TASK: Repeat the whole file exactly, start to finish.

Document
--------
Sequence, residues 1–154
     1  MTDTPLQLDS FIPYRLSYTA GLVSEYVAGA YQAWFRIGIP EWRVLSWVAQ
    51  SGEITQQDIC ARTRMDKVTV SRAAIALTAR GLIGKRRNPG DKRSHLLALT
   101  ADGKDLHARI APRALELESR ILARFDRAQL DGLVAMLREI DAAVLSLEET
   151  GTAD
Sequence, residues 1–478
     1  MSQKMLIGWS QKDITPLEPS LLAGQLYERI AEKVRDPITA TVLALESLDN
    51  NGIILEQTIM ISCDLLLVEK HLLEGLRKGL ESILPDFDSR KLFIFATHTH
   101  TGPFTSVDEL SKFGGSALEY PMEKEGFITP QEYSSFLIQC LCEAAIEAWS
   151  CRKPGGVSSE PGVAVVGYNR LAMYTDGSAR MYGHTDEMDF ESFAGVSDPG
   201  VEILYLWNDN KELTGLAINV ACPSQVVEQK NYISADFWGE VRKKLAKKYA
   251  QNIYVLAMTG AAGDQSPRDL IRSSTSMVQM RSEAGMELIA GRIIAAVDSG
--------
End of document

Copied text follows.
Sequence, residues 1–154
     1  MTDTPLQLDS FIPYRLSYTA GLVSEYVAGA YQAWFRIGIP EWRVLSWVAQ
    51  SGEITQQDIC ARTRMDKVTV SRAAIALTAR GLIGKRRNPG DKRSHLLALT
   101  ADGKDLHARI APRALELESR ILARFDRAQL DGLVAMLREI DAAVLSLEET
   151  GTAD
Sequence, residues 1–478
     1  MSQKMLIGWS QKDITPLEPS LLAGQLYERI AEKVRDPITA TVLALESLDN
    51  NGIILEQTIM ISCDLLLVEK HLLEGLRKGL ESILPDFDSR KLFIFATHTH
   101  TGPFTSVDEL SKFGGSALEY PMEKEGFITP QEYSSFLIQC LCEAAIEAWS
   151  CRKPGGVSSE PGVAVVGYNR LAMYTDGSAR MYGHTDEMDF ESFAGVSDPG
   201  VEILYLWNDN KELTGLAINV ACPSQVVEQK NYISADFWGE VRKKLAKKYA
   251  QNIYVLAMTG AAGDQSPRDL IRSSTSMVQM RSEAGMELIA GRIIAAVDSG